The experiences and perceptions related to being a clinical novice noted in this study reflect similar experiences of therapists in their first year of clinical practice.20 The neurologic SLC allowed students to develop mentorship and professional relationships with faculty and peers that contributed to improving their confidence and professional growth. In an editorial on mentorship in PT in 2004, Dr. Godges21 discusses the importance of early mentorship in PT practice to guide the novice clinician. Work by Wainwright et al22 examines factors that impact clinical decision making in novice versus experienced therapists, one of which was faculty mentorship for novices. The integration of structured mentorship in entry-level programs, such as the tiered mentorship (student to student; faculty to student) in this case, could provide a foundation for early clinical decision making and engagement in professional dialogue by students prior to clinical internships. Service learning clinics provide an avenue for the integration of formal mentorship into entry-level curricula that could evolve into one's early career.
Ask individuals why they pursued a career in PT and a likely typical response is that the individuals became interested after experiencing a musculoskeletal sport-related injury and received PT. Anecdotally, employment as a PT aide in an orthopedic outpatient clinic appears to be a common experience shared by applicants to PT programs. These early pre-PT school musculoskeletal experiences possibly contribute to the large percentage of students who are interested in becoming orthopedic physical therapists. Orthopedic certified specialists are the largest group of specialists credentialed by the American Board of Physical Therapy Specialties at 14,368 (57.9% of all specialists) as of the summer of 2018.23 In contrast, there are only 2,648 neurological specialists. Smith and Crocker (2017) suggest that experiential learning opportunities such as SLCs can offer students exposure to specialty practice areas. Participants in this study described that exposure to neurologic PT through participation in this specialty SLC sparked an interest in an area of practice they had not previously seriously considered.
Participants described the evolution of clinical skills through the opportunity of connecting the didactic curriculum to clinical practice within the SLC. Specialty SLCs may be an important avenue for facilitating specific didactic coursework and preparing students for clinical internships and beyond. Research suggests that specialty learning experiences in geriatric-specific SL can improve students' attitudes toward older populations, which can subsequently enhance students' interactions within PT interventions.24 Future research is needed to examine the extent to which a neurologic SLC enables faculty to address components of the “Compendium for Teaching Professional Level Physical Therapy Neurologic Content.”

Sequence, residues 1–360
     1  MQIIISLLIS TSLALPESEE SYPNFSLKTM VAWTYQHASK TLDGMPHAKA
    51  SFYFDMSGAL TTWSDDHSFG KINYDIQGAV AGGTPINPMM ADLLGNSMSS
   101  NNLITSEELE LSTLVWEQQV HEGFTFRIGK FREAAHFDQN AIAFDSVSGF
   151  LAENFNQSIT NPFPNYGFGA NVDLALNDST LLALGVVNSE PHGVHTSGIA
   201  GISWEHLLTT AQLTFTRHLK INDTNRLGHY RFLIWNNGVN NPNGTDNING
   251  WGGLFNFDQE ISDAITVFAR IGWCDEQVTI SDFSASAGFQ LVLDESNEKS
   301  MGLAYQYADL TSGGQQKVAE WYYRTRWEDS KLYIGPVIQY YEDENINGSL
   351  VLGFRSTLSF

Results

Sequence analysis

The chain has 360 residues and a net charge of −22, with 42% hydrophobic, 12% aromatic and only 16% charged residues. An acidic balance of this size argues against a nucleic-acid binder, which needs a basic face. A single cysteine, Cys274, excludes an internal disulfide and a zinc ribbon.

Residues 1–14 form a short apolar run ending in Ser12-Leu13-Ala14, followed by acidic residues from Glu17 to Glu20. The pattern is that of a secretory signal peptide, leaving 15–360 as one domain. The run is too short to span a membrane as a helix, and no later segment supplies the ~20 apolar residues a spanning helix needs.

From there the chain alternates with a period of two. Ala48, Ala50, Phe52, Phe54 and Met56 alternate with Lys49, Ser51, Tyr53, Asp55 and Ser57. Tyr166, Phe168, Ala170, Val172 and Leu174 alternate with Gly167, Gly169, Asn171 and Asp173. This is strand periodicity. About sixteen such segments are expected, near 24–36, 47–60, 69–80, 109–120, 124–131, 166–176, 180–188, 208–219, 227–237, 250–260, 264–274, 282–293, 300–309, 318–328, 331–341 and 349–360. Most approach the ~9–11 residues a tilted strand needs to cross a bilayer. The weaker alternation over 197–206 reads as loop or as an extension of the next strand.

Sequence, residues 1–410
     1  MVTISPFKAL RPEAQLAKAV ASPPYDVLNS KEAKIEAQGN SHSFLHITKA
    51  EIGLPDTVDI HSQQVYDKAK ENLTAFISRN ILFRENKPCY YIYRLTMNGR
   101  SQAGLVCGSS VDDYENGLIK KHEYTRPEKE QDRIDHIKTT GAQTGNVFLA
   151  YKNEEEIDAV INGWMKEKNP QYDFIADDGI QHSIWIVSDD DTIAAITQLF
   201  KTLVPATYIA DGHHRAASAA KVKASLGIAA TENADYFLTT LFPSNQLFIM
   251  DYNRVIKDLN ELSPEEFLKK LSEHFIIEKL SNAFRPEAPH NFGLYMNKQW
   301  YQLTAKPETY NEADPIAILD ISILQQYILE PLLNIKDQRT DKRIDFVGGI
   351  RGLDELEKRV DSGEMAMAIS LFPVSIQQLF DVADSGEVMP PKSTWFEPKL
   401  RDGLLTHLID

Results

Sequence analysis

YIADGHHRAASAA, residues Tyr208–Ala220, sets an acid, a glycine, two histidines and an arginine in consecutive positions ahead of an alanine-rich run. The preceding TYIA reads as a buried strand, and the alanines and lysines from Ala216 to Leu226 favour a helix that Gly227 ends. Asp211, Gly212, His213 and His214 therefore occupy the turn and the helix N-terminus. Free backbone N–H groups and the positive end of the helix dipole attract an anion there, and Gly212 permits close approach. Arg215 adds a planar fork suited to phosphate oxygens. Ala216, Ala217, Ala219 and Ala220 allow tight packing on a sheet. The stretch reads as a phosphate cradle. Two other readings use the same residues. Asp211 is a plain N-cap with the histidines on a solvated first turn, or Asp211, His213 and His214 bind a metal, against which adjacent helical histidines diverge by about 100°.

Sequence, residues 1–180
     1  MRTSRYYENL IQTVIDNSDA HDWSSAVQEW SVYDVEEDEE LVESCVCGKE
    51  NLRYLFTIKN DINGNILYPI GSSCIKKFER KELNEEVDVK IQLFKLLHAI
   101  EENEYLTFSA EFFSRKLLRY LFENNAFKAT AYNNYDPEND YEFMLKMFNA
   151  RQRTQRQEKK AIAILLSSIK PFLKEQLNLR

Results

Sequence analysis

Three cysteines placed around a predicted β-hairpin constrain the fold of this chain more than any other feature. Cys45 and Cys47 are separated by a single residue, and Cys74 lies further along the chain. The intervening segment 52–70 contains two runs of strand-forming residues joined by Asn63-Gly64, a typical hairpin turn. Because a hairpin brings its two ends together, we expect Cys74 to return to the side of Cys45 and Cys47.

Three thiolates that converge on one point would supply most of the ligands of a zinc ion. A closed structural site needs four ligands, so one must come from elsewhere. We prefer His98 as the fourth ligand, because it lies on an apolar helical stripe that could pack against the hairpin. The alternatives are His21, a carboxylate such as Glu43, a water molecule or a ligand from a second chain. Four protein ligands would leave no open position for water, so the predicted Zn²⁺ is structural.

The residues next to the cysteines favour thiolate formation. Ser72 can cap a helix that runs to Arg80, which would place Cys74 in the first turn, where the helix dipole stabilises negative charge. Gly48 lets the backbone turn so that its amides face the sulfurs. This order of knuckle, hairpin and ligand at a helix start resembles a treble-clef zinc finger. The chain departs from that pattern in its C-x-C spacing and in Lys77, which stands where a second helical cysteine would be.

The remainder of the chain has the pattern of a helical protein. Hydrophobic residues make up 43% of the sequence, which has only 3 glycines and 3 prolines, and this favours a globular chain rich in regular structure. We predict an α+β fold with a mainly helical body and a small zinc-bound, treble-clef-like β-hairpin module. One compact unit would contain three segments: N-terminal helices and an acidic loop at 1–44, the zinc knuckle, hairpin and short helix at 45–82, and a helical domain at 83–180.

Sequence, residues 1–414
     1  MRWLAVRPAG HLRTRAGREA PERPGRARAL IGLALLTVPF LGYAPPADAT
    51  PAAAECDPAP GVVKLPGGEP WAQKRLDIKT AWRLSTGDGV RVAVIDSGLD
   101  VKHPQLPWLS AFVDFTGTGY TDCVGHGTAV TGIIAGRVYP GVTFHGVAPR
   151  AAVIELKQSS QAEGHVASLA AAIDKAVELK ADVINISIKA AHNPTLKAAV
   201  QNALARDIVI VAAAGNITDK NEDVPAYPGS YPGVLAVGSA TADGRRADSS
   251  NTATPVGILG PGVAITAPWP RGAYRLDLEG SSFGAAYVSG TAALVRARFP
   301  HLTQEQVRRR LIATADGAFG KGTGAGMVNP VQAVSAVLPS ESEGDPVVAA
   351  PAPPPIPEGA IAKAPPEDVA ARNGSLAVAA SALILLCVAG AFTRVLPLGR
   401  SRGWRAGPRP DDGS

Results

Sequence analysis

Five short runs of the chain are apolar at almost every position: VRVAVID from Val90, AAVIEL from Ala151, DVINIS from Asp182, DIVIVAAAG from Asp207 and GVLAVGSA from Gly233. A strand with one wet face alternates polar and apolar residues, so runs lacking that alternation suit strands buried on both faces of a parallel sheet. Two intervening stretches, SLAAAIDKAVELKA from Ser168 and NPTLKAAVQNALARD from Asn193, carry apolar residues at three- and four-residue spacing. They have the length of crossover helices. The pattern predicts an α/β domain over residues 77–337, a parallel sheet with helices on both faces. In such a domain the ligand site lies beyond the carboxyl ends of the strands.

In light of calls for greater integration of experiential learning,25 such as SL, into entry-level programs, the descriptions of the implementation of the neurological SLC in this work may be beneficial to programs interested in developing similar opportunities. Implementation was successful due to a myriad of factors. First, the partnership between the university and the local health care organization that housed the neurological outpatient clinic provided necessary infrastructure. The program administration, faculty (who had dual clinical appointments at the hospital), and the hospital administration were supportive of the endeavor. The inclusion of SL as a curricular requirement (a 2 credit-hour course during 4 semesters) provided valuable academic structure that supported implementation (eg, syllabus, assessments, student learning objectives, scheduling, and faculty load). In addition to the information provided in this report about implementation, those interested in developing SLCs within an entry-level program are referred to work by McCallum8 that offers a planning model, “PRECEDE,” that promotes matching a community needs assessment with student learning objectives and curricular structure.
Limitations of this case report include the lack of an extended longitudinal perspective from the students, such as the effect of participation postgraduation. Another consideration is the nature of the qualitative data collection strategy—the reflection papers with preset prompts. This precluded in-person follow-up questions. The use of interviews and participant observations could be valuable in future research examining this topic. Ideas for future research include examining experiences of participating in a single SL experience versus a long-term SL experience. Examination of any relationship between participation in a neurologic SLC and subsequent performance on the Clinical Performance Instrument in a neurological internship would be valuable.
Given recent discussions about the future of physical therapist education and the upcoming work of the Education Leadership Partnership,26 continued evolution and examination of the role of specialty-specific SL in entry-level programs is needed. The data from this case report regarding the value for student learning and the challenges faced serve as a springboard for discussions and planning within other programs interested in integrating SL into the curriculum, particularly a neurologic-specific experience.